SLEEP! Who can get enough of it? More and more studies point to the need for a good night’s sleep. But, as a new parent, you are sleep deprived, and then when your children get older they may sleep through the night, but they want to wake up at the crack of dawn. Once your children are adolescents their days and nights are totally up side down, they often want to stay up too late and sleep half the day away.
Sleep is an important way to rest our brains and reset our bodies for another day. Circadian rhythm helps to regulate sleep/wake cycles. But trying to make sure that your children get enough sleep seems to be a never ending battle (at least in many houses). It is also one of the most frequent concerns of many of my patient’s parents.
A recent study which was undertaken by the National Sleep Foundation reviewed over 300 articles published in peer reviewed journals between 2004-2014. Based upon their review here are the updated sleep recommendations:
Newborns (0- 3 months) 14 - 17 hours
Infants (4 -11 months) 12 - 15 hour
Toddlers (1- 2- years) 11 - 14 hours
Preschoolers (3 - 5) 10 - 13 hours
School aged children ( 6 - 13) 9 - 11 hours
Teens (14- 17) 8 - 10 hours
Young adults (18 - 25) 7 - 9 hours
So, how do your children stack up with their sleep? Parents with newborns complain that their children may sleep 15 hours/ day, but not in the increments that they would like, while parents with children over the age of 13 rarely report that their children are getting 8 - 10 hours of sleep.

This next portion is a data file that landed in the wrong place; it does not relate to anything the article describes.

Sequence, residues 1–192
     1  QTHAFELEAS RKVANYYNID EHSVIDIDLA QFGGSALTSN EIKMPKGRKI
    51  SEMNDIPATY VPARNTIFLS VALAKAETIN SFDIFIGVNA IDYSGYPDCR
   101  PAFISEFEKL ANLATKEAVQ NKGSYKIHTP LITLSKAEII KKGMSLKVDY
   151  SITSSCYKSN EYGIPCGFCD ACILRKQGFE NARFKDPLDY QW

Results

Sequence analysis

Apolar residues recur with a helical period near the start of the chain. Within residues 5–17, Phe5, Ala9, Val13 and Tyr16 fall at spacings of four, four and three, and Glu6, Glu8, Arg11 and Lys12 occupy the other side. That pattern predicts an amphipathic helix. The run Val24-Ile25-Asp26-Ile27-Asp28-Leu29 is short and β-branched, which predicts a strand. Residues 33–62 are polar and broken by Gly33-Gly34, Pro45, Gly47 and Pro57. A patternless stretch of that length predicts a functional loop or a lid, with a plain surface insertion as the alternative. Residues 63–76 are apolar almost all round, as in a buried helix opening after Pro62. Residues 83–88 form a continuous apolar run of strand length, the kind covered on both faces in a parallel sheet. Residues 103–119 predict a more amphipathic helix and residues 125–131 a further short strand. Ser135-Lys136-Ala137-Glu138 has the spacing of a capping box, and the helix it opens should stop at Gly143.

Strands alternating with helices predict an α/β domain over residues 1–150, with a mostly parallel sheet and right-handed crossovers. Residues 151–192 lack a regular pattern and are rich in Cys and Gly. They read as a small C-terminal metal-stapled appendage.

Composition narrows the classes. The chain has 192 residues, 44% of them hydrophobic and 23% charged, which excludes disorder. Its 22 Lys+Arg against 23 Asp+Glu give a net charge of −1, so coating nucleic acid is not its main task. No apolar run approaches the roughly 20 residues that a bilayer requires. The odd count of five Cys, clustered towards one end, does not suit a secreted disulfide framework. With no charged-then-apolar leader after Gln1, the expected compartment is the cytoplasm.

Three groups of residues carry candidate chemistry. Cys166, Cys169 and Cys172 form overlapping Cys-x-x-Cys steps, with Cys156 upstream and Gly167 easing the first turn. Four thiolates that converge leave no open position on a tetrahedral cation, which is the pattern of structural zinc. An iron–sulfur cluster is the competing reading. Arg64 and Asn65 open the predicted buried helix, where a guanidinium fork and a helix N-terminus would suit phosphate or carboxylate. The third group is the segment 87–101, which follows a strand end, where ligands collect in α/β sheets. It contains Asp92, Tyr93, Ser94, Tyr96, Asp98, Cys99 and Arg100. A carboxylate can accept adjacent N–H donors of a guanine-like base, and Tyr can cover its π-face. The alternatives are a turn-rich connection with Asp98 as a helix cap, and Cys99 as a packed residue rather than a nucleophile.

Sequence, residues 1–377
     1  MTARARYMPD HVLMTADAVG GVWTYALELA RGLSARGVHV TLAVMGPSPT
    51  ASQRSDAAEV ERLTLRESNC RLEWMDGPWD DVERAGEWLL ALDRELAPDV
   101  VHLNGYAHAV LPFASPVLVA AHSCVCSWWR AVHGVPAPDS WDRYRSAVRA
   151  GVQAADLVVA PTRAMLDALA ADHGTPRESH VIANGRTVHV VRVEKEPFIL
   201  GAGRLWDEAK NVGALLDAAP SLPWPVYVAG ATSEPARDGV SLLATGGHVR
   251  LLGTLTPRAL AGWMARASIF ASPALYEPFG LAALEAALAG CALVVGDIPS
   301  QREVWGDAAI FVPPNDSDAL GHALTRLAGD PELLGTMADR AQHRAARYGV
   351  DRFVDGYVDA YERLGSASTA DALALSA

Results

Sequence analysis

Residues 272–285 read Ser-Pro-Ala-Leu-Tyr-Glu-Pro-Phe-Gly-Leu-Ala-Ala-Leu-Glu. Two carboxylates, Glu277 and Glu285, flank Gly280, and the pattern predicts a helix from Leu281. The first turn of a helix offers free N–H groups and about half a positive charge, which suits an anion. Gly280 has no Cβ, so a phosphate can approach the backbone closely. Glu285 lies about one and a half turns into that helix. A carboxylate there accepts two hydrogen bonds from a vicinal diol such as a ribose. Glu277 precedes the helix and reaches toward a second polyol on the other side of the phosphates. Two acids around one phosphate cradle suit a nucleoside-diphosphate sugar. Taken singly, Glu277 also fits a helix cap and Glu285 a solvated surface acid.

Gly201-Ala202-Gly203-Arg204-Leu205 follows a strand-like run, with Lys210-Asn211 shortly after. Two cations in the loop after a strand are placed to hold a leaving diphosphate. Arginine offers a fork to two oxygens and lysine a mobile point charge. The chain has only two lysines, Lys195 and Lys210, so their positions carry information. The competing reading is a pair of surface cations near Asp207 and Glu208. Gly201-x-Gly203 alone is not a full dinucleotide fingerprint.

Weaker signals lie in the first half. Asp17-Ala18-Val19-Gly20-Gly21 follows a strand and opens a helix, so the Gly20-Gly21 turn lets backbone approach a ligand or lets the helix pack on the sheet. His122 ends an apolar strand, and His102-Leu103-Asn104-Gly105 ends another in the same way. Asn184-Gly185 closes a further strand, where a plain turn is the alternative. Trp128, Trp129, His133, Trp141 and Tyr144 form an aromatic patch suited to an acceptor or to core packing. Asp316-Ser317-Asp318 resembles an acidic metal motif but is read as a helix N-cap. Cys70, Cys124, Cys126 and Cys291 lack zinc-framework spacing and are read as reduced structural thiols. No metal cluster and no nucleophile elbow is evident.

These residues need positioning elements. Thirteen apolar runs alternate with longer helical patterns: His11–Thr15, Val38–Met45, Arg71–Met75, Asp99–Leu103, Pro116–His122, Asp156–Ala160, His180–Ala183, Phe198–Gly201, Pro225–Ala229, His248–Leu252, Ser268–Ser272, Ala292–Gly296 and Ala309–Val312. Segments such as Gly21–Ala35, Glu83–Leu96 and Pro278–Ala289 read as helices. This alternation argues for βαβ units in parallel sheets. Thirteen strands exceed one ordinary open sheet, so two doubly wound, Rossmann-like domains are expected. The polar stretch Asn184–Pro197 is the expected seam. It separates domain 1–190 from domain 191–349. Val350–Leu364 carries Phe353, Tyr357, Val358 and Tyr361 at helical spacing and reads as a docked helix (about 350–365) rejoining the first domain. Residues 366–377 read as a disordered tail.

One mother recently was exasperated as her daughter age 7 would go to bed at 7:30 pm but woke up everyday at 6 am. I explained to her that her daughter was getting enough sleep, and that unfortunately her biological clock was set and that short of making her stay in her room until 6:45 when she wanted her to get up, there was not much to do. The problem is that many parents cannot go to bed when their children do, (dishes, laundry, work emails, etc to get done while the children sleep.) So while their children may be getting enough sleep the parents are often sleep deprived!
While a good night’s sleep is important for mood and focus there is a lot of data suggesting that children who get enough sleep are less obese, are less likely to get into trouble and are certainly more pleasant to be around.
So, have a good nighttime routine beginning with a regular bedtime for your children. Commit to no electronics in their bedrooms and turn off any electronics at least an hour before bed. We parents need to do the same!